For decades organizational citizenship behavior (OCB) has been of interest to scholars and practitioners alike, generating a significant amount of research exploring the concept of what citizenship behavior is, and its antecedents, correlates, and consequences. While these behaviors have been and will continue to be valuable, there are changes in the workplace that have the potential to alter what types of OCBs will remain important for organizations in the future, as well as what types of opportunities for OCB exist for employees. In this chapter we consider the influence of 10 workplace trends related to human resource management that have the potential to influence both what types of citizenship behaviors employees engage in and how often they may engage in them. We build on these 10 trends that others have identified as having the potential to shape the workplace of the future, which include labor shortages, globalization, immigration, knowledge-based workers, increase use of technology, gig work, diversity, changing work values, the skills gap, and employer brands. Based on these 10 trends, we develop propositions about how each trend may impact OCB. We consider not only how these trends will influence the types of citizenship and opportunities for citizenship that employees can engage in, but also how they may shape the experiences of others related to OCB, including organizations and managers.
Platforms in two-sided markets are known to provide subsidies to either buyers or sellers, in order to take advantage of cross-group externalities inherent in such…
Platforms in two-sided markets are known to provide subsidies to either buyers or sellers, in order to take advantage of cross-group externalities inherent in such industries. Online travel agents can be thought of as platforms facilitating trade between passengers and travel service providers (airlines). This chapter evaluates the effects of a buyer subsidy provided by one major US online travel agent – a low-price guarantee offered by Orbitz. We find evidence consistent with increased airline participation with this travel agent upon implementation of the low-price guarantee policy. Our results also confirm the theoretical claims that most-favored customer low-price guarantee policies are procompetitive.
Numerous government programs channel capital into rural communities, assuming that new businesses face major capital shortages in starting up. More such programs are…
Numerous government programs channel capital into rural communities, assuming that new businesses face major capital shortages in starting up. More such programs are enacted annually. This paper looks at business start-ups in Idaho, Montana and Iowa to see the extent of market failure in rural America. Contrary to conventional wisdom, we found capital to be widely available for start-ups, suggesting that government programs are not warranted.
Expatriate mobility is increasing globally, in volume and diversity. A growing element of this overall increase has been the greater share of self-initiated expatriates…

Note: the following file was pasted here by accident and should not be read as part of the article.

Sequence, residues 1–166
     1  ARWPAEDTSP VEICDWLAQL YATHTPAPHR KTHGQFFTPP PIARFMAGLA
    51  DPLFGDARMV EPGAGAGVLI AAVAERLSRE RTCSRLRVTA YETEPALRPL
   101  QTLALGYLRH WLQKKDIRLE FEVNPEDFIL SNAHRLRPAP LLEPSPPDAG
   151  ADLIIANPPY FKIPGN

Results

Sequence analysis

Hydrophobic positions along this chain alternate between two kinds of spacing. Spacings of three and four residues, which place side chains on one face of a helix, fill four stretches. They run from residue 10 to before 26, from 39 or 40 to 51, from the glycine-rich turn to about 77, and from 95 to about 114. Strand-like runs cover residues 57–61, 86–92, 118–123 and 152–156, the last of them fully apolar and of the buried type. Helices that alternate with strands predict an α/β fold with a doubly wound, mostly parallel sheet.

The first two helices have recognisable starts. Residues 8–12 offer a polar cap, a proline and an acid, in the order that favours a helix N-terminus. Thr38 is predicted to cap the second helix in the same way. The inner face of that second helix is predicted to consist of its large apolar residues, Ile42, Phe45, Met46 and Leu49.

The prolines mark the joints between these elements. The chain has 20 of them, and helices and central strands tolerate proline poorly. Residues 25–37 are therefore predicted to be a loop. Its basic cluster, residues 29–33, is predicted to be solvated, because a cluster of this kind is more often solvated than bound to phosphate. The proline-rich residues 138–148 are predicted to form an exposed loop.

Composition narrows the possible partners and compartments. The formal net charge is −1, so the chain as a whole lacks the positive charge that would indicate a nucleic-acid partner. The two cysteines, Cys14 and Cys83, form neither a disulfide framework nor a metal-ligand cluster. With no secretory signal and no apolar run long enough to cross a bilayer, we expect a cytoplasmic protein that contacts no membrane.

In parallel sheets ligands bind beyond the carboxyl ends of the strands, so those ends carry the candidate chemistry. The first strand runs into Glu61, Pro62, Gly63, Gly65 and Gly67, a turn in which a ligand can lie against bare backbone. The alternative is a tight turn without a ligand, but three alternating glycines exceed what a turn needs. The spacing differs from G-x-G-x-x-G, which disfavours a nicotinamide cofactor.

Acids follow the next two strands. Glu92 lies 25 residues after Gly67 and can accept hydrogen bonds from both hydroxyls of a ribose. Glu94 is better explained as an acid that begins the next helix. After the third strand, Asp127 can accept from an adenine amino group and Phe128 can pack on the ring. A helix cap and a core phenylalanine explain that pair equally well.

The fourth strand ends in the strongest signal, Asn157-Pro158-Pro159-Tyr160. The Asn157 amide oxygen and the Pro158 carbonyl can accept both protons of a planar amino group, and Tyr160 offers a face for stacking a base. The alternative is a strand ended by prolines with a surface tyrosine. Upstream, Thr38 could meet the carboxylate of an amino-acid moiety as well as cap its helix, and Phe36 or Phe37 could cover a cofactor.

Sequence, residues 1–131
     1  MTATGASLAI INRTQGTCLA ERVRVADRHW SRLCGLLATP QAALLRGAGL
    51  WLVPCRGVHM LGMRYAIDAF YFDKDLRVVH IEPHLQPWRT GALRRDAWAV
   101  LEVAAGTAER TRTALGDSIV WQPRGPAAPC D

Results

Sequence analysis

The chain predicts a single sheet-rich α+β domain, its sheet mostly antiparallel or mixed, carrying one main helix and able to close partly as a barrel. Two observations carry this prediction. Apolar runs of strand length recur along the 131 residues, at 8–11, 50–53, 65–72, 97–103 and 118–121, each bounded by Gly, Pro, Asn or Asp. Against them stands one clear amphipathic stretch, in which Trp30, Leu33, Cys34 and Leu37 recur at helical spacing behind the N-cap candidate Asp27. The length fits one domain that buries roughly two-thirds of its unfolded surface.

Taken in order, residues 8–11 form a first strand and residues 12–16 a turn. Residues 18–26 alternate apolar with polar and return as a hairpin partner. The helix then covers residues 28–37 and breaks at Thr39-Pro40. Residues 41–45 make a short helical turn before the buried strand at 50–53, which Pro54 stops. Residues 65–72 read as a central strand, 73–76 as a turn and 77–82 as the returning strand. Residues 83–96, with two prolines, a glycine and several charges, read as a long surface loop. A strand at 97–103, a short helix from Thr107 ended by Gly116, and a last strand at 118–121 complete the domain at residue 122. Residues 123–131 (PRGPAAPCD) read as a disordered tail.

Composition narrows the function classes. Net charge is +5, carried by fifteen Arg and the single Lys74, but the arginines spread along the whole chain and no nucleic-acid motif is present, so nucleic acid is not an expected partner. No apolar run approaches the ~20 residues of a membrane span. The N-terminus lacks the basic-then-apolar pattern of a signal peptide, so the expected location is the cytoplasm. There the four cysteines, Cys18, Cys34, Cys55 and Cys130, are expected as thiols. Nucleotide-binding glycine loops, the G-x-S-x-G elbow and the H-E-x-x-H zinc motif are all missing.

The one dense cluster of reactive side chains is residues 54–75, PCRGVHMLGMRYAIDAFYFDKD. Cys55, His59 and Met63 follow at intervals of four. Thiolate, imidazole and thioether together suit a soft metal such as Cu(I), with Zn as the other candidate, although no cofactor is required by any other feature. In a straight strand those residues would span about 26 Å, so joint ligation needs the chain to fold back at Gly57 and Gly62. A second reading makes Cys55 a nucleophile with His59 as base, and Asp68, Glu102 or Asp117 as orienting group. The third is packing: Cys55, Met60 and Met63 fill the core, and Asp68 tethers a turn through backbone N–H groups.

Expatriate mobility is increasing globally, in volume and diversity. A growing element of this overall increase has been the greater share of self-initiated expatriates (SIEs) working outside their home countries. In some host countries, SIEs make up a majority of the overall workforce. The purpose of this paper is to examine the determinants of innovative work behavior (IWB) of SIEs in one such country. Drawing upon leader-member exchange (LMX) theory and the conceptual framework of the resource-based view of career capital, the authors’ examine the influences of LMX, perceived innovation-reward, job knowledge and contextual knowledge on SIEs’ IWB.
The paper is based on the analysis of survey results from 229 SIEs based in the United Arab Emirates. The authors use hierarchal regression and an SPSS macro to assess the significance of the interaction effects.
Results indicate significant direct effects for LMX and perceived innovation-reward on SIEs’ IWB. Results also reveal significant interaction effects suggesting that the relationship between LMX and SIEs’ IWB is stronger when job knowledge is high and when reward for innovation is high.
This is the first study to examine the determinants of SIE’s IWB. This study investigates the effect of LMX, career capital differences (job knowledge and contextual knowledge) and perceived innovation-reward on SIEs’ IWB. This is also the first study to examine the interaction effects of LMX and individual differences (job knowledge and contextual knowledge) on SIEs’ IWB.
This chapter investigates the theoretical support for the distance metaphor that is widely used to capture the effects of institutional diversity in international business…
This chapter investigates the theoretical support for the distance metaphor that is widely used to capture the effects of institutional diversity in international business (IB) and management studies. It argues that neither new institutional economics (NIE) nor in neo-institutional sociology (NIS) offers support for a focus on the degree of dissimilarity. Rather, both literatures emphasize dis-commonality as a problem for cooperation. In the NIE argument, common enforcement mechanisms are needed to reduce transaction costs. In the NIS argument, effective communication and cooperation is limited to meaning-giving structures common to all parties. In neither perspective, the degree of difference in structures that are not common is relevant. We propose an alternative metaphor, institutional overlap, to capture the effects of institutional diversity on IB transactions. We argue that such a concept differs from institutional distance in being agency-centered, sensitive to intra-country variation, non-additive, and driving the thickness rather than the costs of transactions.